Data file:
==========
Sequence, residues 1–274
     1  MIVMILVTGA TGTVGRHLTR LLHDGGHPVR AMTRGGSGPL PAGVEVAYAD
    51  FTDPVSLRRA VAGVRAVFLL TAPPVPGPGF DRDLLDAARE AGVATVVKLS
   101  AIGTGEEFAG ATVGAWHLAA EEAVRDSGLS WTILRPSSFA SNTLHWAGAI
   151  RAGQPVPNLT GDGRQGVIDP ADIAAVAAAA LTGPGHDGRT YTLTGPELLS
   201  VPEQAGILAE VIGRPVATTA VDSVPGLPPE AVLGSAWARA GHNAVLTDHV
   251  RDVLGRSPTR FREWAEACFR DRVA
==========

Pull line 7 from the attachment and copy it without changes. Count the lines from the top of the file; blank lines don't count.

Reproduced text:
   251  RDVLGRSPTR FREWAEACFR DRVA